Dr. Ellison witnessed the “digital exam” mix-up during his residency, approximately 10 years ago, so he is aware of the pitfalls associated with patient self-education. But as he and urologic oncology resident Nicholas Hellenthal, MD, concluded in their review, “How Patients Make Treatment Choices” (Nat Clin Pract Urol. 2008;5:426-433), “The democratization of medical information by the Internet has made the patient a much better informed consumer, and thus a more active participant in his or her own care.”

Indeed, Internet-informed individuals now appear to make up the majority of the general patient population. According to the July 2009 results of a Harris Poll, by 2007 71% of adults reported going online to look for health information. That translates to 160 million patients.

The question is, does this new baseline of knowledge help the appointment move faster, because the basics do not have to be explained, or does it lengthen the amount of time urologists and nephrologists spend with their patients because the patients have so much more information to question and discuss?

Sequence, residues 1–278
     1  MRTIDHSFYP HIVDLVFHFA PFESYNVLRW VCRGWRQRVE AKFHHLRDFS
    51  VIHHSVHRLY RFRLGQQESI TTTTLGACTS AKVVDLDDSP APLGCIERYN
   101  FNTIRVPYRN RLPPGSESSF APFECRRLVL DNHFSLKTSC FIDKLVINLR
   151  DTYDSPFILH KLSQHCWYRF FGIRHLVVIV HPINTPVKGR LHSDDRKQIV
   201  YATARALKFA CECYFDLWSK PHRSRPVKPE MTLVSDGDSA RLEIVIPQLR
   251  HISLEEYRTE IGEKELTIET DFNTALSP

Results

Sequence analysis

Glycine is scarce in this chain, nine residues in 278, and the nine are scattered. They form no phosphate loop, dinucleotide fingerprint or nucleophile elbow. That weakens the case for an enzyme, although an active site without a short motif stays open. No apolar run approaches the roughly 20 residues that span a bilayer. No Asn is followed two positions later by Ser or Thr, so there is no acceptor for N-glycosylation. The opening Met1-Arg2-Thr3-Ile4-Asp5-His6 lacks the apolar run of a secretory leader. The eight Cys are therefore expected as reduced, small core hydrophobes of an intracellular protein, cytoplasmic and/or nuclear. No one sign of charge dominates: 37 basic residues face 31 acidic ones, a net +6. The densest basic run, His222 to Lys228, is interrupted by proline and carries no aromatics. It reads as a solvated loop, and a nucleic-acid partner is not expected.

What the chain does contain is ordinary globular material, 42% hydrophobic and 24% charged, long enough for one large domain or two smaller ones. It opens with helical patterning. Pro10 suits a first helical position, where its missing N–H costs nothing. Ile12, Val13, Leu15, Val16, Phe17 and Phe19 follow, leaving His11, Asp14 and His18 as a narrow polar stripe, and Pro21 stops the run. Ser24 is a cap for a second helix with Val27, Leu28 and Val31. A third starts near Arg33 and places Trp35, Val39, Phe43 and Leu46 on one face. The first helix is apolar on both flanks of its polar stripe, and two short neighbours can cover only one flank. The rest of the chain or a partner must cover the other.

“The Internet has not changed the quantity, but has definitely affected the quality, of time I spend with patients,” related Stephen Z. Fadem, MD, a Houston-based nephrologist who founded and maintains the 13-year-old kidney news and patient-information site www.Nephron.com. “Patients who are exposed to information beforehand have better questions and have a deeper and more sound understanding of what the issues are. They are more likely to take their medications and comply with their diet if they understand the basis for doing so.”